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Race Weeks and Warm-ups

by Coach Seiji

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Coach Seiji is responsible for the health and well being of many of the elite amateur riders on the Monster Energy/Kawasaki Xtreme Team

Some of the most confusing of training subjects are what to do during the week before a race and what to do in hour before a race. This week before the event is called the race week and the number of questions I receive about this pivotal time is astounding. Do I train more? Do I train less? What do I eat? Do I eat more? Do I eat less? You get it. What to do as a warm-up also generates the same amount of confusion and questions. The focus of this article is to identify the goals of the race week and warm-up routine and give you some general guidelines so you can formulate your own plans.

The Race Week:
Avoid Common Pitfalls During This Most Important Week

Race week goals (remember, this is the week before the race):
1. Rest and recover so you can arrive at the race at a peak in fitness, well rested and with high energy stores. Remember that recovery is when you actually become faster and stronger.
2. Reduce mental and emotional stress so that you can arrive at the race mentally hungry and sharp. Physically resting will take care of some of this but you also have to actively reduce other forms of possible stress.
3. Ensure you arrive at the race healthy and injury free.
Race week rules:
1. Training volume should be much less: A good place to start is 50% of your usual weekly and daily training volume. The extra available energy drives the recovery processes.
2. Training intensity should go from low to high as you get closer to the start of the race. Conversely, training duration goes from high to low as the race week progresses. The most intense but shortest training day will be the last day of your race week.
3. If you are not training, you should be resting! Resting means physically and mentally relaxing. This may sound boring but it is all about energy conservation. You want as much energy as possible to go to recovery processes in your body. You are training less so you have energy left over for your body to replenish muscle energy stores, build new tissues, etc. Why ruin this effort by not resting and stealing this energy away from your body’s recovery efforts? You should employ active recovery as well as total resting. Active recovery raises metabolism just a bit to speed recovery processes in the body; activities include stretching and very light cycling or even just taking walks.
4. In keeping with the above rule, you should still eat the same quantity and quality of food that you would during a normal training week. Remember, you need the same amount of energy that you normally would so that you have the extra energy for recovery processes. The only energy input is food! Don’t skimp on this part!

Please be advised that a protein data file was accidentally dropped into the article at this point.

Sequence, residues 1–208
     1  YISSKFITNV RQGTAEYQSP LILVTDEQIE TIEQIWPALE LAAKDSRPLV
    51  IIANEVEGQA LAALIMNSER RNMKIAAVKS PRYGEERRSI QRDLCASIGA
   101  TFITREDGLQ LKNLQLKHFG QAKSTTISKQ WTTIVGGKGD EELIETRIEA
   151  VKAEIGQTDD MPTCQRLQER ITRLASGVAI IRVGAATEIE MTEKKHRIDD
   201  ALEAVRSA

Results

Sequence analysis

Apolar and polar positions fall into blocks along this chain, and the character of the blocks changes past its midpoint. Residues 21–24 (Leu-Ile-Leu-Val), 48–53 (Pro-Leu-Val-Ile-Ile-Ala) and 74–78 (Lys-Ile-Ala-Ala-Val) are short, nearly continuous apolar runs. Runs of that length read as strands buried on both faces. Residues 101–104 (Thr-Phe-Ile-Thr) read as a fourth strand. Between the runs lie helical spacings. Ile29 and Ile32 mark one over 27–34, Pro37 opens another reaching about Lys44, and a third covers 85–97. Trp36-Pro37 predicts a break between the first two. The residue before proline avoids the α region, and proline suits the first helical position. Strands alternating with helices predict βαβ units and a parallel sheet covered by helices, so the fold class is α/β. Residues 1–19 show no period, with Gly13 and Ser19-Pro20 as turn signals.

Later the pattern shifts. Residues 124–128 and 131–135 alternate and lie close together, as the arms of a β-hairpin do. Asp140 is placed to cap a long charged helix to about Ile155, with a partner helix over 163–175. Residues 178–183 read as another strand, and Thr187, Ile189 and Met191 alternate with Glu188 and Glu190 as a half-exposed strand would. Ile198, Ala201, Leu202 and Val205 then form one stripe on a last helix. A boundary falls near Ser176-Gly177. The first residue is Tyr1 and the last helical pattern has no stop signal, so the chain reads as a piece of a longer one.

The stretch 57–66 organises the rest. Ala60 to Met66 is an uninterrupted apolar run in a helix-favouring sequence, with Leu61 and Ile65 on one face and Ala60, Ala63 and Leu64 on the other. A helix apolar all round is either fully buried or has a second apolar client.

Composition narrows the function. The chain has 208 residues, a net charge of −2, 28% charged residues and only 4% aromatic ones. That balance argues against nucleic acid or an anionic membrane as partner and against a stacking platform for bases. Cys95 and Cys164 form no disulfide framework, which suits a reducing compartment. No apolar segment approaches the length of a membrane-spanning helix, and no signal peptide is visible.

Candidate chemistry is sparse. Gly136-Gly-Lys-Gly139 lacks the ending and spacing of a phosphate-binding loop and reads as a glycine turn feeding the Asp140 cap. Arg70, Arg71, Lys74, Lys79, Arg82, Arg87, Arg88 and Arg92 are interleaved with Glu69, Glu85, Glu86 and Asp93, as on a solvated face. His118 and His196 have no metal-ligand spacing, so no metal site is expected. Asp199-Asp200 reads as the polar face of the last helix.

5. Take naps! The only time your brain releases growth hormone is during the deep dreaming cycle of your sleep. Taking a nap grants you an extra shot of this growth hormone and thus aiding your recovery.
6. Avoid all other forms of stress. All forms of stress (physical, mental, emotional, etc.) end up hormonally affecting your body in the same way (raising cortisol levels). You are reducing physical stress by lowering your training loads to conserve energy. You should do the same for all the other forms of stress. Avoid and remove anything that can cause these other forms of stress. Example: Get all your errands done early in the week or the week prior (like bike prep and supply purchasing) so that you are not rushing around at the last minute.
7. Practice good hygiene. Wash your hands often and always before you eat. Try touching things like doors with only one hand and then only using the other hand to touch anything on your face or to eat. Race week is not the week to expose your body to possible forms of infection or illness. If you get sick right as the race starts, you probably contracted it the week before or even earlier. Practicing good hygiene is important all the time but especially the week prior to the race. You made it this far; don’t sabotage yourself during the last week!
8. Avoid other risky activities. Motocross is risky enough already. You have successfully made it to the last week before the event injury free. Avoid throwing all this good fortune out the door by taking part of risky activities like drifting the rental car. What a shame it would be to make it to race week after all the practices and training activities only to miss the race because you injure yourself in some stupid accident during the last week!